Hello everyone! Kyuusei here to teach you Japanese and show what I find interesting about Japan. I changed some things a bit with the design. Hopefully this makes it easier to read and follow what’s going on. With that being said, let’s continue.
新しいユーチューバーの「GAMING IN JAPANESE」を見つけた。ゲームで日本語を教えています。すごく楽しかったです。最近、ポケモンソードの動画を見ています。ひらがなモードを使いますから、読みやすいです。すなわち、このモードは初心者向きであります。
「GAMING IN JAPANESE」はさらに表現と使い方も教えています。英語バージョンの字幕もあります。
[ば～ほど (ba ~ hodo)]
the more… the more
This grammar expresses something that escalates the more it is done. Kind of like “the more, the merrier”. The catch is you have to use the same word before ば and ほど.
Verb-ばconditional + (same) Verb + ほど
いadj-ばconditional + (same) いadj + ほど
なadj + なら + (same)なadj + なほど
(The more you speak, the better your Japanese will become.)
(The livelier the apartment is the more annoying it will be.)
(The louder your voice gets the more I don’t want to listen.)
should, can, it’d be good if
This grammar expresses that you/someone should do something.
If you want to add an extra layer of expression when you mess up doing something (or if you regret something) you can add のに after ばいい.
Verb-ばconditional form + いい
ばいいのに (ba ii noni): I wish…; if only…
(We still have time, you can redo it.)
(I think I should forget about embarrassing moments.)
Those who are familiar with the flashcard app may already be aware of this word. It means “to memorize” or “learn by heart”.
The first kanji can mean darkness.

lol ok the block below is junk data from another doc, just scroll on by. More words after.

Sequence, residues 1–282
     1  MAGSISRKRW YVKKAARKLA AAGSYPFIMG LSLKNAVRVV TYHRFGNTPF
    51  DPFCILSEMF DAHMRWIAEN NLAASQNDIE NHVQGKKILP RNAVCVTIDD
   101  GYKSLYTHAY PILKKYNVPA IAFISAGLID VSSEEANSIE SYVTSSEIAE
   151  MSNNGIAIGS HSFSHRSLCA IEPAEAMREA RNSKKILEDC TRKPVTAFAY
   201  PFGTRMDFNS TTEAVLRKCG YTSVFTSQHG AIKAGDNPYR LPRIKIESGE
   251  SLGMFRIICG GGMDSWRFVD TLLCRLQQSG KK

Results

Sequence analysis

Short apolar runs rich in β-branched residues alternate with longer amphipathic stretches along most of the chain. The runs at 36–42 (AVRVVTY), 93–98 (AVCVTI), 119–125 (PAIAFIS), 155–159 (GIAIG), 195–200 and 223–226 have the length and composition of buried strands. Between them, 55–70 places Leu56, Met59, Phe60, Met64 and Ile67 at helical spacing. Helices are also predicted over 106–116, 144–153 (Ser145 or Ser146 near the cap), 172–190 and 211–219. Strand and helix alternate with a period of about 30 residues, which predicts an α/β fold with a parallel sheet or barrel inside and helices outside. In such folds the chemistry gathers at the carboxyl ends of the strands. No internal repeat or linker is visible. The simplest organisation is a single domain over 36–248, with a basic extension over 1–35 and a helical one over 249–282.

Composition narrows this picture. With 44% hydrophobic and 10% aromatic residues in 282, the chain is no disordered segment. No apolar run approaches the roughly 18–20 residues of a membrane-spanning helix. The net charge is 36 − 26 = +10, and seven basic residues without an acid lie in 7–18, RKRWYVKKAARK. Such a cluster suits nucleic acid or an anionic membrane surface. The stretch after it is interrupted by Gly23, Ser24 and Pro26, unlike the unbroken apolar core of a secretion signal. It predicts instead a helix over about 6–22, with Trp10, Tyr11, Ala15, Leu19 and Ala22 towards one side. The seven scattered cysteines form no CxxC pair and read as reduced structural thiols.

The second kanji means to scribe or record.
So writing in the dark but you can’t see what you’re writing?
Guess that’s what this word is portraying. In order to write well in the dark you have to remember how the word went and how the words are written.
It’s a noun but you can also change it into a verb by adding する at the end.
- Before heading out to class with your roommates, you check the weather report. Suggest to them since there’s a hurricane heading here, class might be cancelled.
- The owners of the company you work for are coming tomorrow to inspect. They are also bringing a few English speaking executives with them. You’ve been working as a translator/interpreter at this company for quite some time now. However, you and another colleague can only do the job. And since your colleague, Murata, is out sick, ask your supervisor if you have to come in early tomorrow.
- Your brother asks you if you went to the bank to deposit the check yesterday. Tell him it was a holiday yesterday, you couldn’t do it then offer to deposit it today.
- It’s almost fall and your friend, Ai, is already preparing for Halloween. Since she has been busy with making costumes, she is quickly running out of fabric. Unfortunately her favorite crafts store went out of business. So, you inform her that you saw a new craft store last week. Ai asks if it has opened up yet. Tell her that it will probably be open soon.
- After reading 日本語の練習 all this time, you find out that this is the end of the「トッピングを答えましょうか」 segment. How do you say goodbye and thank you?
That brings an end to this segment. I hope that it was helpful going through all these scenarios.
[Back to School Pt. 5]
Sora: That’s rough. Then, we’ll be waiting here for you.
Rena: Hey, Airi…
Airi: Yeah, I gotcha. I have another pair in my bag.
Rena: As expected, Airi. I love you.
Sora: Oh come on, Airi. That’s not good. If you keep helping her, Rena will never learn.
Airi: But, Sora.
Sora: (“She’s like a mother”). Geez fine whatever. Guess it can’t be helped.
Rena: You guys sound like a married couple.
Sora & Airi: Who?!
Rena: Haha your faces are red. Now, let’s go to school.
We got that warp gummi so that’ll be helpful going back to other places. Find it strange that to enter new worlds you have to go through these swirly vortexes. Seems like a risky thing to do. But hey what’s adventure without risk. 冒険危険